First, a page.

White Hot Silence: A Novel

  • By Henry Porter
  • The Mysterious Press
  • 448 pp.
  • Reviewed by Marvin McIntyre
  • October 11, 2019

An intense, page-turning tale of kidnapping, survival, and international intrigue.

White Hot Silence: A Novel

White Hot Silence was a pleasant surprise. If such a classification existed, I would be characterized as a lover of domestic thrillers. In this book, the adventure took me from Calabria across the Mediterranean to Estonia and, finally, to Russia. Even though I suffered jet lag and sea sickness, Henry Porter’s international espionage yarn was worth it.

Early in the novel, the author gives us dialogue that really identifies his underlying message. In a conversation with her former lover, Greek aid worker Anastasia says, “Paul, we saw each other in a moment when we both thought we were going to die. After that, you really know a side of a person that no one else is going to see. There’s a fucked up intimacy in that, as well as a kind of shame. It’s like the ultimate nakedness.”

The intensity starts early, when Anastasia is kidnapped by the Mafia in order to prevent her husband, Denis, from exposing a misappropriation of funds designed to support terrorism. The situation gets further complicated when Denis is falsely jailed and unable to assist in his wife’s rescue. In desperation, he hires Anastasia’s former lover, Paul Samson, a genius at finding missing persons.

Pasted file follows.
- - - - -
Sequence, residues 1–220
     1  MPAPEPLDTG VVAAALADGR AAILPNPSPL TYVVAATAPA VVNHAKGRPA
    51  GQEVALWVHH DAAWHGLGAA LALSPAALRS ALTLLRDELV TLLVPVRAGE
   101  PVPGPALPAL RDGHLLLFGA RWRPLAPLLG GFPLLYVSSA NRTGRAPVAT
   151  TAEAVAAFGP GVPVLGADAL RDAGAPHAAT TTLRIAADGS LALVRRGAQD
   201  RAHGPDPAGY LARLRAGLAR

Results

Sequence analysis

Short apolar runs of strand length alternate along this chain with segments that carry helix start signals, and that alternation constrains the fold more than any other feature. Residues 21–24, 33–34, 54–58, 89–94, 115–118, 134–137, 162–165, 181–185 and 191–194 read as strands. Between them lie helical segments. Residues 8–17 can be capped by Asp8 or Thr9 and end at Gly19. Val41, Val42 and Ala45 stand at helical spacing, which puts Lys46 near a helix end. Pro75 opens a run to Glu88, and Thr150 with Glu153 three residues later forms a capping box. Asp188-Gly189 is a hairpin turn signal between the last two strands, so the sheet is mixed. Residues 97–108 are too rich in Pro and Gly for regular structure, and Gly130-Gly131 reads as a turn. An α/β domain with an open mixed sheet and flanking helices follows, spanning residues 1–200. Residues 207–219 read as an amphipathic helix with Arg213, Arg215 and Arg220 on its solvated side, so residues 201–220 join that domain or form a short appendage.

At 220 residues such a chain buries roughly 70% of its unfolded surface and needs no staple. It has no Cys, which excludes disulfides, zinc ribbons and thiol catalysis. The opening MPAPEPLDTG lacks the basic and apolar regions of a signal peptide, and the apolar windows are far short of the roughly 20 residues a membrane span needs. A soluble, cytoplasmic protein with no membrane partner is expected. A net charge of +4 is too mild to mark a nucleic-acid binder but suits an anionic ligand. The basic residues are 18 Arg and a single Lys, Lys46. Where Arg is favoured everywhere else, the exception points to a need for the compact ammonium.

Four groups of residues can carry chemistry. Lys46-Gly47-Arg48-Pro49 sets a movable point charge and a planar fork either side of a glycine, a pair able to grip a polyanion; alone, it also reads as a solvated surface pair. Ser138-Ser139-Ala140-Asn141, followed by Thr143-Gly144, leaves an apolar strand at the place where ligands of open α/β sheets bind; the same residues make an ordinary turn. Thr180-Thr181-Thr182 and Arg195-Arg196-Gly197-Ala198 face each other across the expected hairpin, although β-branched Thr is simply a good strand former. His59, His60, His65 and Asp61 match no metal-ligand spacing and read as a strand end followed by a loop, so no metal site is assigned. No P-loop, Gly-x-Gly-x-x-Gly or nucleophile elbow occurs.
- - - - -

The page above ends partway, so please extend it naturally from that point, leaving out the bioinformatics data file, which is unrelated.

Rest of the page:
The author does an excellent job with his characters. The title White Hot Silence refers to Denis’ demeanor when he is filled with rage but incapable of changing his situation. The reader feels his anger, as well as his obstinacy.

Anastasia is simply a survivor: strong, resourceful, and resilient. Her would-be rescuer, Paul, will go to any length to save her, but his Achilles heel is the fact that he never stopped loving her.

One of the most interesting characters is the Russian Kirill. Portrayed aptly as a ruthless savage, the leader of the abductors spouts right-wing-inspired rhetoric about how the leftists and socialist philosophies will allow Russia to regain its former power in the world.

(If Hollywood elects to make a movie of White Hot Silence, it’s likely that Kirill’s ramblings will end up on the cutting-room floor.)

But what really makes the novel work is the author’s excellent pacing. I never felt bogged down by descriptions of remote places, and the combination of plot-expanding dialogue and necessary action made this a compelling read.

Before I return to my comfort zone of courtroom dramas, serial killers, and good old-fashioned American crime, I believe I will need to read Porter’s prequel to White Hot Silence, the equally promising-looking Firefly.

Marvin McIntyre has written three well-received financial and political thrillers.

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